- 7pm in the Nave at St. Mary's (This service is also livestreamed at www.youtube.com/stmaryskinston)
Please note that the imposition of ashes is an optional part of the Ash Wednesday liturgy. At our in-person liturgies, the Officiant will offer ashes. For those worshiping with us online, please contact the church office for questions on the Imposition of Ashes.
WAY OF THE CROSS (STATIONS)
St. Mary’s will be offering the Way of the Cross indoors on Friday evenings at 5:45 p.m., beginning the Friday after Ash Wednesday.
Sometimes called the Stations of the Cross, this short devotional experience, usually about 20 minutes, is both tactile and meditative. As we move to each of the fourteen markers throughout the church, a different event of Jesus’ Passion is remembered. The Way of the Cross is an especially poignant way “that we may enter with joy upon the contemplation of those mighty acts, whereby [God] has given us life and immortality,” to quote the Prayer Book’s collect for Palm Sunday. Please consider making a commitment to walk the Way of the Cross at least once this Lent.
Wednesday Nights During Lent - THE PRAYER COURSE
Beginning February 1st and continuing through March 29th, make plans to join us each Wednesday in Moseley Hall for our Lenten Wednesday Night Programming, The Prayer Course.
Similar to our previous Wednesday evening programs Alpha and Life Shared, The Prayer Course will begin with a shared meal at 6pm, followed by the program and small groups at 6:30pm. Enjoy friendship, fellowship, and a meal while exploring the Lord's Prayer and discussing matters of faith. ALL ARE WELCOME! We hope you will accept this invitation, and invite a friend, to a special season of meaningful spiritual growth and exploration this Fall with Alpha at St. Mary's. (Childcare will be provided.)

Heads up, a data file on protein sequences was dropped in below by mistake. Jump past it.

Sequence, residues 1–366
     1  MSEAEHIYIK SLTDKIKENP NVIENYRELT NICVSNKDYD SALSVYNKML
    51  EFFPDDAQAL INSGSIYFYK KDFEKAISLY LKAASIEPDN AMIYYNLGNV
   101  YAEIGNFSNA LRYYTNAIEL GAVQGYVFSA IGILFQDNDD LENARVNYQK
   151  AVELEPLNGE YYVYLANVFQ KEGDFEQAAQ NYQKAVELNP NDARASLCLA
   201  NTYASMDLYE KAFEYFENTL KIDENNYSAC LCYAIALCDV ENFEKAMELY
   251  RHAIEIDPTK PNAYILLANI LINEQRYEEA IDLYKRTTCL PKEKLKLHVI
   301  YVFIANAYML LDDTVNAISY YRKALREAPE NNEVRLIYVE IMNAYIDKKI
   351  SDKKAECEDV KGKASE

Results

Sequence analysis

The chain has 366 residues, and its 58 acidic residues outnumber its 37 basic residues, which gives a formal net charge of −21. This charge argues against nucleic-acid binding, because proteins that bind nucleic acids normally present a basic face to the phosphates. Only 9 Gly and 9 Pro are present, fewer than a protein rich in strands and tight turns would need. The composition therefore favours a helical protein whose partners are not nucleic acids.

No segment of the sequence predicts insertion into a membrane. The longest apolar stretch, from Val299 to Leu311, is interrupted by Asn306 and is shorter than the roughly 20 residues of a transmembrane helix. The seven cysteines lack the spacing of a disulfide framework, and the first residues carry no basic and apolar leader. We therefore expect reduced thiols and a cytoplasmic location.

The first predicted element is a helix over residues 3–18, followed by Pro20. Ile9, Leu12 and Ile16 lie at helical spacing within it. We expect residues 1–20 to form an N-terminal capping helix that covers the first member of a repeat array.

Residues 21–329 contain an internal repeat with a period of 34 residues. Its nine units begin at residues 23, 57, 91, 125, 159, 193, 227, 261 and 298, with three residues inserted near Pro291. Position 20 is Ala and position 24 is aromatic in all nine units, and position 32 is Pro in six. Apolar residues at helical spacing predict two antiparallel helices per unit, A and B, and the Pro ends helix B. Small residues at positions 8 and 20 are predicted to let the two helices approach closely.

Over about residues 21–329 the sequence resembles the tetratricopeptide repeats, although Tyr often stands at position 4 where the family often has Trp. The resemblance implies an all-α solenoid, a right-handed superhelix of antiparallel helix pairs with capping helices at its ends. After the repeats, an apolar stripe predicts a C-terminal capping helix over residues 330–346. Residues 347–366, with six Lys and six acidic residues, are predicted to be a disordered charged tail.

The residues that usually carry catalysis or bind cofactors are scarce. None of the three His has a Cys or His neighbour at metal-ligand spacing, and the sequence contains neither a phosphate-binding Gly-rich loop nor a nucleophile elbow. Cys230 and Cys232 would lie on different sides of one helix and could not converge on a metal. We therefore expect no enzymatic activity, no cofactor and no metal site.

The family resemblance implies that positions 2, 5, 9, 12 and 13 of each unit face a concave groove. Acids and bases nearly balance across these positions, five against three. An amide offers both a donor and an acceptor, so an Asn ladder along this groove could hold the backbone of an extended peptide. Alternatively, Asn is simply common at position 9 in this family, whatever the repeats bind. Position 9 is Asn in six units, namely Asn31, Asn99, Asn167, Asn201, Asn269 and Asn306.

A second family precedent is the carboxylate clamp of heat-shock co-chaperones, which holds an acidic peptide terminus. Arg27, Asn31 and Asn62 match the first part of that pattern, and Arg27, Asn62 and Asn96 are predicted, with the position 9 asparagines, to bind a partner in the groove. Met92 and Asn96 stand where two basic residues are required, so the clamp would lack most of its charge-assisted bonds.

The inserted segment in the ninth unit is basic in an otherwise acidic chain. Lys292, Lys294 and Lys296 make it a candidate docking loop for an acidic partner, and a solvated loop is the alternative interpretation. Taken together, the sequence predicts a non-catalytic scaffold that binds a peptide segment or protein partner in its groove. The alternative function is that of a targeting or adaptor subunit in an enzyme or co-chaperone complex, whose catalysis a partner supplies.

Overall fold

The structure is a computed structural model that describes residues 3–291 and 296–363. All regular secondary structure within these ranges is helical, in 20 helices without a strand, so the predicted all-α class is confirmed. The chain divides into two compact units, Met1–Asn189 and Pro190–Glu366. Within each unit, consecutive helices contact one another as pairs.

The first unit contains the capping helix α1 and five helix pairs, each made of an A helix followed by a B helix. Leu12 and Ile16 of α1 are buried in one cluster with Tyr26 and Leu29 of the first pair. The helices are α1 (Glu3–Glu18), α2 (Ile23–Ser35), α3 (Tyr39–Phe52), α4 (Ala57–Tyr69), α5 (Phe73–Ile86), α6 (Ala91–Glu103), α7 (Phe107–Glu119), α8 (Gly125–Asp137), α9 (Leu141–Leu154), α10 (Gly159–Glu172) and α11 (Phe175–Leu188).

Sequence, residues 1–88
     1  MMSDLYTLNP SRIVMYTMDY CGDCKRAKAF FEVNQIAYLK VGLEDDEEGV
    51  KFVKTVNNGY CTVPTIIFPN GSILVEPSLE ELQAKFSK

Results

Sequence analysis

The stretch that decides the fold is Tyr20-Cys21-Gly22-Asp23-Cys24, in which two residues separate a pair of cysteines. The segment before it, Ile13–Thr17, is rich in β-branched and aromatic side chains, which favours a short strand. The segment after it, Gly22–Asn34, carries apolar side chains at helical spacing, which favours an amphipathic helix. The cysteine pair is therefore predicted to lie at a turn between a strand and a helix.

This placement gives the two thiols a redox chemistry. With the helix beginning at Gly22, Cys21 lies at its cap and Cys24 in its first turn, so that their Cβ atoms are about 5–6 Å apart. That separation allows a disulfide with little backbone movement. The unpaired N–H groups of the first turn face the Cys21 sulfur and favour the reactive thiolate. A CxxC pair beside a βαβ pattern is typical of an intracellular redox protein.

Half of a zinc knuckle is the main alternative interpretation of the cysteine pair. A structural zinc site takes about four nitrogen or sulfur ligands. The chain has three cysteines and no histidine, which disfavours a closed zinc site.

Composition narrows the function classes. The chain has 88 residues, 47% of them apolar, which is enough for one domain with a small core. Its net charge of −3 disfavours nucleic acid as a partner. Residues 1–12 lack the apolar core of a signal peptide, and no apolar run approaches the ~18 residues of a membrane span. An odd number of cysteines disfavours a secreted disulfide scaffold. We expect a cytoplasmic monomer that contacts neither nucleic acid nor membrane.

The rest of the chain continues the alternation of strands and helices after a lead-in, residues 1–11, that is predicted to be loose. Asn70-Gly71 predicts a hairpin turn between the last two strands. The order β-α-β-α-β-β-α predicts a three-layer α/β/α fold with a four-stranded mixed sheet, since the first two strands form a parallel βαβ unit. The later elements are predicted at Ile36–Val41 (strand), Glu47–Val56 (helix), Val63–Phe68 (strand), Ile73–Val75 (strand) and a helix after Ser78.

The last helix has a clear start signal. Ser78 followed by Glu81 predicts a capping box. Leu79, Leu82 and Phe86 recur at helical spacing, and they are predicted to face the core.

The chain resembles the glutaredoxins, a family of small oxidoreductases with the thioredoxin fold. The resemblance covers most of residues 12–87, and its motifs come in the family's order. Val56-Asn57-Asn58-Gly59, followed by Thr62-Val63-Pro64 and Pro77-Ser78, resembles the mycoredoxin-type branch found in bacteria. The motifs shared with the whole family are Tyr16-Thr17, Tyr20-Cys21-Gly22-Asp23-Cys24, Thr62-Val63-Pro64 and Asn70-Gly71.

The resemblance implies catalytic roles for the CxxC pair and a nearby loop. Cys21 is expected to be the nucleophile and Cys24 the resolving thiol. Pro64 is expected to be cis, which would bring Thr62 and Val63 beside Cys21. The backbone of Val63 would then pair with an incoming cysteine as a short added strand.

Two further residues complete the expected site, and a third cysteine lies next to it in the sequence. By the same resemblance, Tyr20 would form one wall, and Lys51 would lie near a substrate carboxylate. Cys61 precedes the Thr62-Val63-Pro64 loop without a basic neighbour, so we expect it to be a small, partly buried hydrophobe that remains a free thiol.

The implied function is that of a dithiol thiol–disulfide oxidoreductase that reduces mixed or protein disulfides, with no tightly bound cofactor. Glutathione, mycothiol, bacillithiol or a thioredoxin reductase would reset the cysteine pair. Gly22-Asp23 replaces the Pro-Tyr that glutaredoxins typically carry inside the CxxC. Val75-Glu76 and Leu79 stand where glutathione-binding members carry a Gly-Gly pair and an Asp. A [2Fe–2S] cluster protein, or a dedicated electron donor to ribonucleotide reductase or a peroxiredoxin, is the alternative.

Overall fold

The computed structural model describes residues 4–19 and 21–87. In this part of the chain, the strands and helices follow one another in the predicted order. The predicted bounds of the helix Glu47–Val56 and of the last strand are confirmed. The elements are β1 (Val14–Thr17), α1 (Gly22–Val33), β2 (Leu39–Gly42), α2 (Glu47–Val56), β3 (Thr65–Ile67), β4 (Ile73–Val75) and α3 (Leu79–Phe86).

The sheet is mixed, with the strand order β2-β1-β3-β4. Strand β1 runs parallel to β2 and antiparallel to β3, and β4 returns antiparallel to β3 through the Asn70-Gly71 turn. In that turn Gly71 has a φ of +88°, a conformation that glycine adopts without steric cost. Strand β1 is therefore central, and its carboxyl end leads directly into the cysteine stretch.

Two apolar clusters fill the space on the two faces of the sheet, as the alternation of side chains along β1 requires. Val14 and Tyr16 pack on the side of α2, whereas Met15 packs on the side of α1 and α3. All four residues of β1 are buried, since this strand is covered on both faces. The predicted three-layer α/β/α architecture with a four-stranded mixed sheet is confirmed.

OTHER LENTEN RESOURCES
Episcopal Relief & Development Lenten Meditations
According to The Book of Common Prayer, Lent provides us with the opportunity for self-examination, repentance, prayer, fasting and self-denial; and to read and meditate on God’s holy word (BCP, p 265).
This Lenten Season, Episcopal Relief & Development invites you to join us as we meditate on the commandment to love our neighbor and consider the meaning of this fundamental instruction in our daily lives.
The Rev. Robin Denney, a parish priest and former missionary focused on agricultural development in Liberia and South Sudan, wrote this year’s meditations. Robin’s reflections are poignant and personal and challenge the reader to consider the question, “Who is my neighbor?”
Do you like March Madness? Do you learn from example by others around you and before you (like the saints of the church)? Then Lent Madness is for you! Each year, Lent Madness introduces followers to 32 people who have lived exemplary lives in their devotion to Jesus and, in a light-hearted way, invites us into conversation about the life of faith and discipleship in this 'tournament-style' game.